In attempting to reconcile the centrifugal forces pulling people apart, Hilda and Steven introduce Pew to the forgiveness festival, a founding gesture on the part of their community. An acknowledgement, she explains, of the recognition that we are all ‘broken without god’.
On Friday Dr Corbin takes Pew to a Church to hear an organ play. While the music rings, Pew recalls all the years which had led her here, those that did not belong to her anymore, but were present, perhaps as a snapshot to just her alone. In a cinematic moment the sheets of music fall scattered when the player tries to turn a page and the organ comes to a stop. An emblem of the futility in holding together the community perhaps, and the dissonance with the loss of music animates the narrative.
Part of the charm of this novel is the way it can unfold almost without any deliberation from the protagonist, who is often reduced to a passive witness who is spoken to, almost confessed to by the small religious rural community in a town in the American south. They speak to her about their failings, in family – like when Mrs Columbus took Pew to the doctor, and was telling her about the struggles she had with her son growing up, who resisted eating meat and dairy because he felt a kinship with the animals at the zoo. A critical perspective cannot help but glean whether this eulogization of community, probed or not in the narrative, is a part of the successful reception that this text has received.
Pew however does feel a sense of solidarity with Jonny, Mrs Robinson’s lost child – particularly as she hears about his claims of hearing voices of the dead and they all speaking the same language. This reading seems reinforced by Jonny’s subsequent disillusionment with his community, his claim that it was not possible to favour a people or country, that even one’s own name was not our own. Mrs Robinson recalls that she remembers looking at him and not seeing anyone there. She blames Dr Corbin for setting him down that path, and this explains their present antagonism. The doctor however insists that the path was his own choosing.
We witness a scene where Pew is taken to a field by Dr Corbin. It is not specified but I presume this is the festival which was spoken of earlier. She meets a big burly bearded man named Leonard who seems to command some social authority and declares that he was not in favour of the way Pew had been handled, that she ought to have been taken to child services at once, not taken in by a family only to be cast out once there was some trouble. She also meets an old woman by a field who smiles through eyes that may have seen something. She welcomes her as ‘our new jesus’ and seems accepting and adaptive to Pew’s silence, even appearing to play along with the predicament, upholding religion, denouncing the clergy, before she is given pills and water. If this is the festival, I find it striking and endearing that this site was not in the least fetishized, but was allowed to remain just a gathering.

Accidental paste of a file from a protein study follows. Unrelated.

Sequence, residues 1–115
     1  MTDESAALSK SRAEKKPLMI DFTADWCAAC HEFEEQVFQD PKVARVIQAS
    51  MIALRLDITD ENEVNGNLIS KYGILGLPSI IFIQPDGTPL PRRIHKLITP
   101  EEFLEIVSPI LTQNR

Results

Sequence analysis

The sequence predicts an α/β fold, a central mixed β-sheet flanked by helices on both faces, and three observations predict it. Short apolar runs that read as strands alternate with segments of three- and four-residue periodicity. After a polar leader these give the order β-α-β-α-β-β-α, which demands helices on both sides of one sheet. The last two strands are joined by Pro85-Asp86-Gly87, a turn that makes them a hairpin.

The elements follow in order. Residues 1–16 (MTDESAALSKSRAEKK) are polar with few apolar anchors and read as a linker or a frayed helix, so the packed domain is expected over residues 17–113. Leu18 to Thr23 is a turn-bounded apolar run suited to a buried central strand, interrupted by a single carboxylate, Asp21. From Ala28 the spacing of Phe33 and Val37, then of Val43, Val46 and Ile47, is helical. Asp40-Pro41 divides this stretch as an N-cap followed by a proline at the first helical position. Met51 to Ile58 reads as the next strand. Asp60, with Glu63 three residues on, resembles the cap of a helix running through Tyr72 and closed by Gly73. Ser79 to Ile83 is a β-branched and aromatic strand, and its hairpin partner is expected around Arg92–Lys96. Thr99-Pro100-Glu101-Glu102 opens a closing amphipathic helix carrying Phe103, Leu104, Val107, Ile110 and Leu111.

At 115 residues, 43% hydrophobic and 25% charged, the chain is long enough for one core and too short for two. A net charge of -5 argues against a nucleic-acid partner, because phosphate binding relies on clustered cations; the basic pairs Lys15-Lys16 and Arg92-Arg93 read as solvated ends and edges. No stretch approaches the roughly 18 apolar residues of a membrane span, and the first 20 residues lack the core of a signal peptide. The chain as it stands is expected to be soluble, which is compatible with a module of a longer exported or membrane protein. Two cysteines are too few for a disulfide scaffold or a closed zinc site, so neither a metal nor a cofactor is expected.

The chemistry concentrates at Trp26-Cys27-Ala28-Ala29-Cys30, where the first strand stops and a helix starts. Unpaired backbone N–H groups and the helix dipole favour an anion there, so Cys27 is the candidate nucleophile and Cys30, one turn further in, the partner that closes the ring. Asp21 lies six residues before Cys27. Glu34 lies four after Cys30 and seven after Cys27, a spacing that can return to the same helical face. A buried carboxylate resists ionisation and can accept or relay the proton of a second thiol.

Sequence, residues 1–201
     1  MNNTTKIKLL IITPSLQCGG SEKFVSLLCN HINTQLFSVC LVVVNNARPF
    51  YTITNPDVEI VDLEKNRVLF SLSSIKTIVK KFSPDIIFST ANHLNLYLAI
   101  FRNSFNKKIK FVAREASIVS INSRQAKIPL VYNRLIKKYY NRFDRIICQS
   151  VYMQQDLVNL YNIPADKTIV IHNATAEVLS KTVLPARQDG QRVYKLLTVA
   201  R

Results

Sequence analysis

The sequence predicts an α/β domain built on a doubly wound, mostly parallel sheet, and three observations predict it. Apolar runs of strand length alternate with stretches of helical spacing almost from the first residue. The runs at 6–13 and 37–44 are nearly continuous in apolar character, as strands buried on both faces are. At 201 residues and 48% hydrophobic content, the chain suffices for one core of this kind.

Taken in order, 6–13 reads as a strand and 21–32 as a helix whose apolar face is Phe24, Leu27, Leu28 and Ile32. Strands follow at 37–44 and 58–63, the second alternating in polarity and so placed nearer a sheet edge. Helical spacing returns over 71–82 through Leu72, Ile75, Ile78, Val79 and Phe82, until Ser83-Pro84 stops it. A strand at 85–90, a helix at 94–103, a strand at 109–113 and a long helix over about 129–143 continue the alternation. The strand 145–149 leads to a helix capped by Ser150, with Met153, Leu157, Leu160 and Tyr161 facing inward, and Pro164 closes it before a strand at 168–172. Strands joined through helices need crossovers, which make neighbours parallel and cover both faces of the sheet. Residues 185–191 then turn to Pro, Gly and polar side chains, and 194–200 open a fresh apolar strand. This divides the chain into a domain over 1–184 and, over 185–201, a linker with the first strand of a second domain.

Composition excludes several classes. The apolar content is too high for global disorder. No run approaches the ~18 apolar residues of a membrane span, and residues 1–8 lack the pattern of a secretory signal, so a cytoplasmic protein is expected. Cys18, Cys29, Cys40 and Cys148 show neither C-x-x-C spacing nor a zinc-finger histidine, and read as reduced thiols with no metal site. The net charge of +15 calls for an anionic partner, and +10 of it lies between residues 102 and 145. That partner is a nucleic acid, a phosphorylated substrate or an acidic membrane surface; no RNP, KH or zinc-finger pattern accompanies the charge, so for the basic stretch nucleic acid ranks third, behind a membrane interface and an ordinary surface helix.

It is only later when she meets and sleeps in a room with Randall, a grownup who has a young heart that we learnt that that was not the festival. Randall is remarkably open with her about not wanting his mother to leave, and this fear from infancy is perhaps geared to create a sense of communion with the silent Pew.
On Saturday morning Dr Corbin tells Pew that he was part of the group which setup the festival of forgiveness initially, except that he is not sure whether it means what it once did. He’s unsure about whether forgiveness is just a garb for forgetting, or whether it has become such with time.
The ritual he speaks of is witnessed as a flock assembles in a high roofed building which was not a church. Everyone wearing white, carrying placards, asking for forgiveness. Moaning wails about adultery, untruthfulness, violence, theft are all cried into the air as the congregation, blindfolded listen to each other. Pew feels that among them are the voices of those she may have known, those she may come to know and some whom she faintly recognizes.
Names are read out and a young girl asks her parent whose names are these, and is told that it is those who had been killed. When asked why were they killed, she is told because elected representatives do so. She asks why anyone would want to be elected, to which she is told that someone has to be elected.
The garments, theme of forgiveness, and the mournful account of the departed bear faint and menacing recollections of a past not very far behind. Of Ku Klux Clan assemblies - and the questions regarding Pew’s ethnicity seem to indicate this.
This work yet attests to the cohesion and precarious bonds of a community in the face of a newcomer and stranger, who seems to be accepted and welcome into their fold. Why she chooses, never to answer the questions put forth, in spite of care and hospitality is left open and unanswered. Perhaps her life on the road taught her something that prescribed silence in such a community, or perhaps living as such no longer felt a need for conversation. This book, in this sense, is a commentary on the bonds of a congregation, familial and otherwise, and the place of an individual in it.